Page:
— Team meetings during timeouts, period breaks, postgame should be socially distanced.

— Timeouts may be extended two two minutes to allow for adequate hydration as water bottles are not allowed on the field of play.

— To facilitate the use of face coverings, coaches and officials should consider using an artificial noisemaker such as an air horn or electronic whistle in place of a traditional whistle.

— Game balls, 3 or 4 for each team, must be sanitized regularly during the contest.

Moderate-to-high risk


Soccer is classified as moderate risk by the NFHS and high risk under Maine guidelines for community-based sports.

— Athletes engaged in active play may wear face coverings, but are not required to do so.

— Slide tackling is not permitted if the players are within 6 feet of a third player. Violations result in an indirect free kick for a dangerous play.

— On corner kicks and throw-ins near the penalty areas, there may be only five players from each team, plus the goalie, in the box at the time of the kick or throw. Other players may re-enter the area once the ball is played.

— On all indirect and direct free kicks, players must remain at least 3 feet from each other, eliminating the traditional “wall”.

— Team bench areas may be extended toward each end line to promote social distancing among players and coaches.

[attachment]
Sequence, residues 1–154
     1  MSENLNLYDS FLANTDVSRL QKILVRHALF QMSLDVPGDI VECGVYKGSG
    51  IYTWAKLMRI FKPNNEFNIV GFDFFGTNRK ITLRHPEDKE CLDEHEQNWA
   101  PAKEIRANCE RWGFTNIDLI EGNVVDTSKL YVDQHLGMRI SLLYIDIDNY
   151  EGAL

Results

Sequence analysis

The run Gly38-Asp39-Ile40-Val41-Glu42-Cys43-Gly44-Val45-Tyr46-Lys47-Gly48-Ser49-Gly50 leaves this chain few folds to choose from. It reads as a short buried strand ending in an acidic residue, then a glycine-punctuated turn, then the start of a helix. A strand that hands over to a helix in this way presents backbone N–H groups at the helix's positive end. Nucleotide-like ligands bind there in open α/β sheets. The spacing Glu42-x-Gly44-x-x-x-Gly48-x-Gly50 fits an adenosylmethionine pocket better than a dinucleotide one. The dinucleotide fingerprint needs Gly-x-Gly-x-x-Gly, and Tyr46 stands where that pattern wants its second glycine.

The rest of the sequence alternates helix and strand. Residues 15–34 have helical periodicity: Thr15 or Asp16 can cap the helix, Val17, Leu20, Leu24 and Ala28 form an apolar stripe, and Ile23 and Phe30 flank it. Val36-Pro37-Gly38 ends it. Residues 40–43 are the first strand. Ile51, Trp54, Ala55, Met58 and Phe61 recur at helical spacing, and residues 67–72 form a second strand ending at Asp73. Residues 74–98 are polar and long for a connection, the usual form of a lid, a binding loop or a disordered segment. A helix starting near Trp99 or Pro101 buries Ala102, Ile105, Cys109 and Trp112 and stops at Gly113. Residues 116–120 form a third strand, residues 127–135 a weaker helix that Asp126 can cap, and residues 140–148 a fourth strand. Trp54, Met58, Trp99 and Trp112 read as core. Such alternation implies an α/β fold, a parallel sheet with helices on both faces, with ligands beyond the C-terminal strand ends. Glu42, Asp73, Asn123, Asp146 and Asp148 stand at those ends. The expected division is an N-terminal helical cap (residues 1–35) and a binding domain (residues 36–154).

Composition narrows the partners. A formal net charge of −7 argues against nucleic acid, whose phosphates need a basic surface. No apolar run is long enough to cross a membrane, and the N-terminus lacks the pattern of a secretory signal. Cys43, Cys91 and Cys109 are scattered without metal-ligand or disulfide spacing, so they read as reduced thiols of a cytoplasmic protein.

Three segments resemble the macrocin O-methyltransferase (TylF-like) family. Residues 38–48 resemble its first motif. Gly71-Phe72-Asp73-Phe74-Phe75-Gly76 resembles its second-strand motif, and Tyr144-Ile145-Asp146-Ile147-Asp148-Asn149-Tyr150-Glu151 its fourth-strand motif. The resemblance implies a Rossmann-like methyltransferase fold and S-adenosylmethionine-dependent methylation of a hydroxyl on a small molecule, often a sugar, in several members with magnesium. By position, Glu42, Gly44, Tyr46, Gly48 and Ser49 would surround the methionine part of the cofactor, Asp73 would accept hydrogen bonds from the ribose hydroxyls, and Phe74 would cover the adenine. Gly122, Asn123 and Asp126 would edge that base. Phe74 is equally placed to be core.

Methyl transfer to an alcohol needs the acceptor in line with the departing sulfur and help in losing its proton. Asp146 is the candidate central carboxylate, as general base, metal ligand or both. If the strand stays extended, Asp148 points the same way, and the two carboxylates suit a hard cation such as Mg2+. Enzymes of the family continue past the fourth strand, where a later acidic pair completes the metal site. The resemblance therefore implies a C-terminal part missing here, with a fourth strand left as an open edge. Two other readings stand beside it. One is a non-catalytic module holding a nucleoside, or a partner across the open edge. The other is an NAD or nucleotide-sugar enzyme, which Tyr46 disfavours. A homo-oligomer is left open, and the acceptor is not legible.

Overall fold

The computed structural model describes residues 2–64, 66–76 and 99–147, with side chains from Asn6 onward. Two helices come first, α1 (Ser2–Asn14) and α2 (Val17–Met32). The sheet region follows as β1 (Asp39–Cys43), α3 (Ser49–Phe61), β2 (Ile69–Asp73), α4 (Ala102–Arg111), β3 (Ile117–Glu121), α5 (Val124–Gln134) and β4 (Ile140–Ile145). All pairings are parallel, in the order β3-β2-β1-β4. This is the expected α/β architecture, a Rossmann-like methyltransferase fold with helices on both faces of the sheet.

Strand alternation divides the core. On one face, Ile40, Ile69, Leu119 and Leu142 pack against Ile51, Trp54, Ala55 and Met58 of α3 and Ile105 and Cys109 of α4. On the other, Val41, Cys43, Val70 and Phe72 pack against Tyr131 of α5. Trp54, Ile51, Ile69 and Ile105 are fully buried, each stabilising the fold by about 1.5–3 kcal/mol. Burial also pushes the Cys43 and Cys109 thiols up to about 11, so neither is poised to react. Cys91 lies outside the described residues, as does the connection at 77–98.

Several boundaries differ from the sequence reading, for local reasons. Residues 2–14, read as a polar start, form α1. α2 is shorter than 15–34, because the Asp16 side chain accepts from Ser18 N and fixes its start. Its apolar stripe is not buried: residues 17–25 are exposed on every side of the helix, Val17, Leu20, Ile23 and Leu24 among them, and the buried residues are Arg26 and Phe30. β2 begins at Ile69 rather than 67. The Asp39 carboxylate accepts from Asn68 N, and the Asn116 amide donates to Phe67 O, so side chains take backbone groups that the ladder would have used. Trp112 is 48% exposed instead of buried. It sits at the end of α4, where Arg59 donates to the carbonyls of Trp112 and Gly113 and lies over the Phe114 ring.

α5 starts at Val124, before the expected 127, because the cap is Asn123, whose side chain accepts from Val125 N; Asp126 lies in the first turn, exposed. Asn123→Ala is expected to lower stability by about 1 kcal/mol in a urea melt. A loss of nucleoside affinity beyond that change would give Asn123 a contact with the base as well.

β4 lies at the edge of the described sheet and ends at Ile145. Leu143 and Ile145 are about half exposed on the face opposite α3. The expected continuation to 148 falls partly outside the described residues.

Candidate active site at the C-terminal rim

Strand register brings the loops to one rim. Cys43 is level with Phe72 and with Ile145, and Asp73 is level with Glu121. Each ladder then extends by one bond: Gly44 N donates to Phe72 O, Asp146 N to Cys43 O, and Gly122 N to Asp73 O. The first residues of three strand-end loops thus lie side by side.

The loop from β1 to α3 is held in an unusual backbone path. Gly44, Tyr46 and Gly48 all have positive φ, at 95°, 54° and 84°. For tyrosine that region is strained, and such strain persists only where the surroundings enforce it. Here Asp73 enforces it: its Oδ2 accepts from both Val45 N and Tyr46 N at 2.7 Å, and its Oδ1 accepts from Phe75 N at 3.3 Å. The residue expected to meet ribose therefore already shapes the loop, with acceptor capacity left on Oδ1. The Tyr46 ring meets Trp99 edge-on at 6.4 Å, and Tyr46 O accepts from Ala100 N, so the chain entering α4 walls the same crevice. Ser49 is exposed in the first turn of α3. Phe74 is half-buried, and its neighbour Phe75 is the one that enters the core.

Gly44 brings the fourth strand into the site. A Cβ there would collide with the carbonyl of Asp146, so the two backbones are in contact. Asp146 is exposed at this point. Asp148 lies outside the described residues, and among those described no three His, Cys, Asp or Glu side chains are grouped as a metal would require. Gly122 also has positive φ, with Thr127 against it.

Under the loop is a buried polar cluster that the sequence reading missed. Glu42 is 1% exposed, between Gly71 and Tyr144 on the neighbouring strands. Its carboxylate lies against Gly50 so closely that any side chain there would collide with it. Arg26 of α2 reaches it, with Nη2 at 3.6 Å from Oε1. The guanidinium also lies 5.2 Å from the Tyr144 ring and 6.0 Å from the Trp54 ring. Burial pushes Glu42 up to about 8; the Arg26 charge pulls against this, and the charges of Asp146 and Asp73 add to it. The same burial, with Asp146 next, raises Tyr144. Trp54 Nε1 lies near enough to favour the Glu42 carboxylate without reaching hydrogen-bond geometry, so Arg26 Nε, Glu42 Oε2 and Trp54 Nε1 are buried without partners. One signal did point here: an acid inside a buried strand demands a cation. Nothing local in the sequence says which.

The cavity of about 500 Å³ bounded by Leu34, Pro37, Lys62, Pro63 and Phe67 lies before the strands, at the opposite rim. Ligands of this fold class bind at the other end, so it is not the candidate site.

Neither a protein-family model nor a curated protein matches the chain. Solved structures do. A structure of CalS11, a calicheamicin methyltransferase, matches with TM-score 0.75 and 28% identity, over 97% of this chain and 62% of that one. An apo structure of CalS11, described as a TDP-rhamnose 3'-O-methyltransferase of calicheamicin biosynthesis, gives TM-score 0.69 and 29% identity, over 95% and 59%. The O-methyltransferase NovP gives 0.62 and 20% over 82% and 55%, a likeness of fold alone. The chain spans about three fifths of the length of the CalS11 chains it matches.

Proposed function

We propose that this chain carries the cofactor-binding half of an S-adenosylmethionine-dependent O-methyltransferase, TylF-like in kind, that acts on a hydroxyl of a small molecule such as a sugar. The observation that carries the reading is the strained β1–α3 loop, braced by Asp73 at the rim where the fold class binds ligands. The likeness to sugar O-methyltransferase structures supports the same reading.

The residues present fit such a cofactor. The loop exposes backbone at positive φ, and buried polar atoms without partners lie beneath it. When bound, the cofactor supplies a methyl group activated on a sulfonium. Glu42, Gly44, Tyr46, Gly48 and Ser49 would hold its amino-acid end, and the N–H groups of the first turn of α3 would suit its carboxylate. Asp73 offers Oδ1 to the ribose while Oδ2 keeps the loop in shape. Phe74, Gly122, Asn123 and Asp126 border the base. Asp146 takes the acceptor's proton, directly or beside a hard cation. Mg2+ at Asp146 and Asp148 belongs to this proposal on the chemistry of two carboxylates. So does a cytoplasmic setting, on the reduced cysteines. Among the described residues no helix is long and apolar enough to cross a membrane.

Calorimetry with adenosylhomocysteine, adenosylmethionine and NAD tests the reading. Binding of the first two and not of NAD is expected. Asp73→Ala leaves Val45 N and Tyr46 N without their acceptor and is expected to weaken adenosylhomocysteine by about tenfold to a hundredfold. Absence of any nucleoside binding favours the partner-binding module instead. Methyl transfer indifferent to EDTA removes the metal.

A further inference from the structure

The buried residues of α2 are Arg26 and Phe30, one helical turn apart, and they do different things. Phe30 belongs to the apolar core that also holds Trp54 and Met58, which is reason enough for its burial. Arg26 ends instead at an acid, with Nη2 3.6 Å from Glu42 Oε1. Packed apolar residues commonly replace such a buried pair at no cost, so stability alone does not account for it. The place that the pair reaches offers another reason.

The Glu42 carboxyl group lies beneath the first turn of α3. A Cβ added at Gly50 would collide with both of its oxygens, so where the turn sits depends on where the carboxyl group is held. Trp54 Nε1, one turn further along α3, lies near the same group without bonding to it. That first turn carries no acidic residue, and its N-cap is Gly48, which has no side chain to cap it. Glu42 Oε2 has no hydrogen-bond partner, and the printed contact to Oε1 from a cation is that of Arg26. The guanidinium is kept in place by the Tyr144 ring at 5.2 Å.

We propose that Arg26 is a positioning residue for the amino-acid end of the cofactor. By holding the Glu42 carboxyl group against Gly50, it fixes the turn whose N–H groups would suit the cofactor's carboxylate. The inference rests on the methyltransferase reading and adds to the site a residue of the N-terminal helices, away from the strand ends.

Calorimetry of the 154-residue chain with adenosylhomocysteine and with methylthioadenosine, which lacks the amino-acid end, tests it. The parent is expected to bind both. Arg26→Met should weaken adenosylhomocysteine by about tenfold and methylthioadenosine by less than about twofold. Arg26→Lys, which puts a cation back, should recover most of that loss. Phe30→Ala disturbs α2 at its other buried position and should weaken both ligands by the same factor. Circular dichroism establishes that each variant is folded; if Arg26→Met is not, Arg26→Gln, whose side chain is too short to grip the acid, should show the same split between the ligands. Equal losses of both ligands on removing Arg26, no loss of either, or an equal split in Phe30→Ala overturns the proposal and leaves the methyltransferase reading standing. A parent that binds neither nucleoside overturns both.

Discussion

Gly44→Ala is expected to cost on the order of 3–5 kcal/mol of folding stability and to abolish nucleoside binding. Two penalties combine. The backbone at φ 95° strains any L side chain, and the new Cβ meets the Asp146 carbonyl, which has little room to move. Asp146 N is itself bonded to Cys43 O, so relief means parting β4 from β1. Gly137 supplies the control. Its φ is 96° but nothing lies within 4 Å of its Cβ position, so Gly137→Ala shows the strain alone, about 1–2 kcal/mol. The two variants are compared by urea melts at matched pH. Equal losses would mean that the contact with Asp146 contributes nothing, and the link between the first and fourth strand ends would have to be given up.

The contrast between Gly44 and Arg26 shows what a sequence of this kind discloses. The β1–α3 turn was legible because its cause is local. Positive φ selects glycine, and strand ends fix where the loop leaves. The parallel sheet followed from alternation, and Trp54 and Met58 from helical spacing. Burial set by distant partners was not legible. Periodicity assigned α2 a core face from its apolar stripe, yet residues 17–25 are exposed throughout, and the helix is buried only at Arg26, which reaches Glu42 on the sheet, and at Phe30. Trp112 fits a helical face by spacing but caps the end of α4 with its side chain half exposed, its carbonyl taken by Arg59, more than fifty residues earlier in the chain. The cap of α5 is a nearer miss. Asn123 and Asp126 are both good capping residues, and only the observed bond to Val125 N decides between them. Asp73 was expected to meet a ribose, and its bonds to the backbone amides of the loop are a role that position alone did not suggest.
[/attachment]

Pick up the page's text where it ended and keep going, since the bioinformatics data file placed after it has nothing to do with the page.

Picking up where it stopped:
— Ball runners must wear a face covering and are encouraged to use their feet to return balls to designated areas, athletes.

— A game ball touched by an outside person should be removed and sanitized prior to being used in the game.

— The clock should be stopped at the first natural stoppage after the 20-minute mark of each half to allow for sanitization of hands and game balls and for a water break.

Moderate risk

Field Hockey

— Athletes engaged in active play may wear face coverings, but are not required to do so.

— Team bench areas may be extended toward each end line to promote social distancing among players and coaches.

— Only one substitute per team is allowed at a time at the scorers’ table.

— A player who is “carded” should take a knee and remain socially distant from others while in the penalty area.

— Three or 4 balls should be available on each sideline during games and should be cleaned and sanitized throughout the contest.

— An additional minute is recommended between the first and second and third and fourth quarters to allow for access to water bottles and face coverings.

— Use of a stick, rather than hands, is recommended to move the ball during a stoppage of play or on the sidelines.